Yesterday, the Supreme Court released its opinion in Bond v. United States. The case involved a woman named Carol Bond, who put harmful chemicals on the doorknobs of her “best friend” when she found out her friend was pregnant through an affair with Bond’s husband.

The federal government charged the woman with a criminal violation of the law Congress passed to implement the Chemical Weapons Treaty—which the Senate has ratified.

Normally, cases like this are simple crimes and Congress has no power to punish simple crimes. That is the sole authority of the states.

The core legal issue was how much legislative power Congress acquires through treaties.

The Obama Administration argued for a broad view of the power of Congress to legislate when it was implementing a treaty.

I filed an amicus brief in the case on behalf of the Home School Legal Defense Association. I argued that there was a general overlay of federalism that curtails the treaty power. I specifically cited an arson case called Jones v. United States, where a person was charged with arson under a law allegedly authorized by the Commerce Clause. Jones held that unless there was an interstate commerce aspect to the arson (burning a train station, for example), that this was only a state crime and not a federal crime.

By analogy, I argued that any law implementing a treaty on Chemical Weapons and warfare should require proof of an international element of the crime. HSLDA’s brief was the only amicus brief for Mrs. Bond that made this federalism argument based on the Jones case.

The majority ruled that the law should not be interpreted to reach Mrs. Bonds’ behavior due to the principles of federalism. The majority specifically cited the Jones case as its principal basis for this conclusion. The Court said that unless Congress clearly asserted it was seeking to invade the authority of the states, the Court should not assume it was doing so.

While there were clearly some similarities between our brief and the final decision, there is one important distinction. We wanted the Court to say federalism meant Congress COULD NOT invade the power of the states. The Court simply said they would interpret the law to conclude Congress DID not invade the power of the states. The COULD NOT question is reserved for a future case.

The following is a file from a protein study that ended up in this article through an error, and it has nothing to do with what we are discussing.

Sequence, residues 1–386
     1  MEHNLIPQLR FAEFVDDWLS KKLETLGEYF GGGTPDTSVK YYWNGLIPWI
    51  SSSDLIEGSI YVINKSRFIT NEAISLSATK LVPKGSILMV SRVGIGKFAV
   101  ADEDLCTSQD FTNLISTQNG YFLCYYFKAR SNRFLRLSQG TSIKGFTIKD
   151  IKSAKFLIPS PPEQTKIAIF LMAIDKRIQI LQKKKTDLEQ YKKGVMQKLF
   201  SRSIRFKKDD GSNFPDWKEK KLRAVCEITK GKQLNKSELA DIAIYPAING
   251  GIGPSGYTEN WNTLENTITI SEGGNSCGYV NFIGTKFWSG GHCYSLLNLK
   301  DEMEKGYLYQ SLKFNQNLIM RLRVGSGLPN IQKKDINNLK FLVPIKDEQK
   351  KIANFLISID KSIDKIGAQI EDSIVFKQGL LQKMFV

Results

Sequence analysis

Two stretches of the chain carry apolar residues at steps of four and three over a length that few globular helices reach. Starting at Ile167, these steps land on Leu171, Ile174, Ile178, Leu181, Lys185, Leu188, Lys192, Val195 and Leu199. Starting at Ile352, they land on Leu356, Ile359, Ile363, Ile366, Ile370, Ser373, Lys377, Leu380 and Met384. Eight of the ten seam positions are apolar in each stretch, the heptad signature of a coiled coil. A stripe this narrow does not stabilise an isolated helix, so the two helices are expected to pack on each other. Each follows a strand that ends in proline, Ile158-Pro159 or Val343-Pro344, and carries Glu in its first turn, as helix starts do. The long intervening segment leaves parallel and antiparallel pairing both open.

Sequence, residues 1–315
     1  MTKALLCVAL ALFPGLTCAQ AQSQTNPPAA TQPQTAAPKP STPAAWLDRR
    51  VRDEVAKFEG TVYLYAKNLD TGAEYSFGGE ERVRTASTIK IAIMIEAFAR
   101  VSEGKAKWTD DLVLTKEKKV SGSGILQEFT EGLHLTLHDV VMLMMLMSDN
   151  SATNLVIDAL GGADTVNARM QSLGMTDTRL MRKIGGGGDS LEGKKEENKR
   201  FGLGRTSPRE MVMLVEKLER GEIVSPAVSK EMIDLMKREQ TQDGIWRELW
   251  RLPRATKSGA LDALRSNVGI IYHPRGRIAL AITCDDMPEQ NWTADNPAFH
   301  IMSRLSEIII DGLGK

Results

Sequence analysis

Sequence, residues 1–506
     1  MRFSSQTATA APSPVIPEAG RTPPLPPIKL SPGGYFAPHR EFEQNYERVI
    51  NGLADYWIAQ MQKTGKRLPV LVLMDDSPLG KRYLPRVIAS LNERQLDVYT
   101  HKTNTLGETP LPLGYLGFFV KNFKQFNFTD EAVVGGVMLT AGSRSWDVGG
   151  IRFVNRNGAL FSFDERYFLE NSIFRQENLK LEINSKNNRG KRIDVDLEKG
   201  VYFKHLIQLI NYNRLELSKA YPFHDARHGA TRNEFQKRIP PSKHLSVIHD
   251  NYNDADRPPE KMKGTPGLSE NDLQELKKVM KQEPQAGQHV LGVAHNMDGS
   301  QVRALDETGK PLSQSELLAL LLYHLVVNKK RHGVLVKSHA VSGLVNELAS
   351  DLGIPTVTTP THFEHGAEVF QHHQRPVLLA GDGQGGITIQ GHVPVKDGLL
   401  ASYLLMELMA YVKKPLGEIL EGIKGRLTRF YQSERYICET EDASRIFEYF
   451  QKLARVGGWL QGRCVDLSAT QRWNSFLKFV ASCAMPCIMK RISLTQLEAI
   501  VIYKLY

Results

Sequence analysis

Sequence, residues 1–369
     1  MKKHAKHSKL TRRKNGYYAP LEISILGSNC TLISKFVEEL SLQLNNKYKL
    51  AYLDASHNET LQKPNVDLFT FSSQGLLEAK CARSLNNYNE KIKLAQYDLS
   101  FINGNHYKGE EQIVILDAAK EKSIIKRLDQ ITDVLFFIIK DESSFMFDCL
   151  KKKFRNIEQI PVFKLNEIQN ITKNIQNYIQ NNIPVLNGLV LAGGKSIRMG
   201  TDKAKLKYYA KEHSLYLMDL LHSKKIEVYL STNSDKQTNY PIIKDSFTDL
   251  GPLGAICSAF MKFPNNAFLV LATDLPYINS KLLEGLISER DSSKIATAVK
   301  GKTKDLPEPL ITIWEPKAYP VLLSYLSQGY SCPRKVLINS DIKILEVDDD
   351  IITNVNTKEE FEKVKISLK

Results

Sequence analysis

Such a result is not a victory or a real protection for our principles of self-government.

We need more than a holding that Congress DID NOT violate federalism. We need a clear holding that Congress CANNOT violate federalism and the authority of the states through the use of treaties. Americans, not the UN, should make the law for America.

Fortunately, a Convention of States gives us a way to keep international treaties from destroying the principles of federalism or the authority of the states. A constitutional amendment like the one I describe here could ensure, once and for all, that only Americans make laws for America.

About The Author

Michael Farris

Michael Farris is the Chancellor of Patrick Henry College and Chairman of the Home School Legal Defense Association. He was the founding president of each organization. During his career as a constitutional appellate litigator, he has served as lead counsel in the United States Supreme Court, eight federal circuit courts, and the appellate courts of thirteen states. Farris has been a leader on Capitol Hill for over thirty years and is widely respected for his leadership in the defense of homeschooling, religious freedom, and the preservation of American sovereignty. A prolific author, Farris has been recognized with numerous awards, including the Salvatori Prize for American Citizenship by the Heritage Foundation and as one of the “Top 100 Faces in Education for the 20th Century” by Education Week magazine. Farris received his B.A. in Political Science from Western Washington University. He later went on to earn his J.D. from Gonzaga University School of Law, and his LL.M. in Public International Law, from the University of London. Mike, and his wife Vickie, have ten children and 14 grandchildren.